Think first! Prepare what you want to say. If you don’t, you may have to start again and that won’t build your customer’s confidence in your ability. How do you say it? We said before that talking is not only about what you say but also about how you say it.

189 Do: speak clearly. Some customers will have more difficulty in hearing you. keep the volume moderate. Your voice will boom if a customer has a hearing aid. put expression into your voice watch your speed. Think about the needs of your customers.

190 Don't: let your sentences trail off. Your customers might think you are uncertain. use a sharp tone. You could sound aggressive. sound monotonous or sing-song speak too fast. Customers may not be able to keep up. speak too slowly. You could sound patronising.

191 d) Is the Message Getting Through?
Have you ever had to say to someone ‘Sorry, I didn’t realise you were talking to me’? It has happened to most of us at one time or another. To check the message is going to get through, you must make sure your customer is ready, For example: make eye contact and ask a question ‘Could we discuss?’ ‘Is it convenient to speak?’ They may be ready but are they receiving? You need to get feedback as you go along. We have talked about this before but we will be looking at it again shortly. It can be more difficult to get the message over on the telephone as you can’t see what is going on the other end. You may also get distracted by things going on around you. As you can see, getting it right covers a number of things, so how are you doing?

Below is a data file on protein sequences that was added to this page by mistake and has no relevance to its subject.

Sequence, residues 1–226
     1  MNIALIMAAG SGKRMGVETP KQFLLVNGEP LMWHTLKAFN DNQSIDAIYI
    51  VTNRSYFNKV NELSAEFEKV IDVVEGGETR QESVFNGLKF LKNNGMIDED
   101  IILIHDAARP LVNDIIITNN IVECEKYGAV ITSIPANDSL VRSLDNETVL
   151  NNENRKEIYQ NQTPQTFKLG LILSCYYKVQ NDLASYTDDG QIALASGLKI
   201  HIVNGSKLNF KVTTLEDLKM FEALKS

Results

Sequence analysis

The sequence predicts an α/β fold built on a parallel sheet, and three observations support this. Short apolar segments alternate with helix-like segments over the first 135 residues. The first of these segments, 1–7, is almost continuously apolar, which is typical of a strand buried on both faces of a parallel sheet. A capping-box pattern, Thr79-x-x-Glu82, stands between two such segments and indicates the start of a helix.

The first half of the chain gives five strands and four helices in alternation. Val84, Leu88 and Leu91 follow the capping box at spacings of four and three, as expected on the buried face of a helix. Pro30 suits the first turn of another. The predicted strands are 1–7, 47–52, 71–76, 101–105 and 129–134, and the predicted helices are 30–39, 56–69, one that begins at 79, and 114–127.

192 ACTIVITY 25 Describe an occasion when you had to make a presentation, give a speech, have an interview. What were the things you found most difficult, and in the future, how would you do things differently with a better outcome? Make some notes below.

193 Classroom Activity Classroom discussion on the challenges of giving a speech or making a class presentation. How can you improve what you do and overcome nerves?

194 Table 6: Summarizing Active Listening